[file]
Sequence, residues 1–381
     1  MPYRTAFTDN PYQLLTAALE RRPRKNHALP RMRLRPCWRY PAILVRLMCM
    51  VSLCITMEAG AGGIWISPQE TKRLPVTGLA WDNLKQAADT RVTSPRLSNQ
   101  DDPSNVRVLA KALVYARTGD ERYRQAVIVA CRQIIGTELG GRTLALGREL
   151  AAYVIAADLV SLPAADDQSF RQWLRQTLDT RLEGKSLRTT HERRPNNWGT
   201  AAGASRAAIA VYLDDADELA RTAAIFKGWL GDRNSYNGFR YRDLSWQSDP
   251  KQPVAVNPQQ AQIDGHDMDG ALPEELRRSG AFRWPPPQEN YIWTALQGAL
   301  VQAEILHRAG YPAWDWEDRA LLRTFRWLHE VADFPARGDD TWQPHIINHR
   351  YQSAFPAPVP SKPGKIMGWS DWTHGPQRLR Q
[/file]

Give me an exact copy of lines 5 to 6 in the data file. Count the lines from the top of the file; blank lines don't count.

   151  AAYVIAADLV SLPAADDQSF RQWLRQTLDT RLEGKSLRTT HERRPNNWGT
   201  AAGASRAAIA VYLDDADELA RTAAIFKGWL GDRNSYNGFR YRDLSWQSDP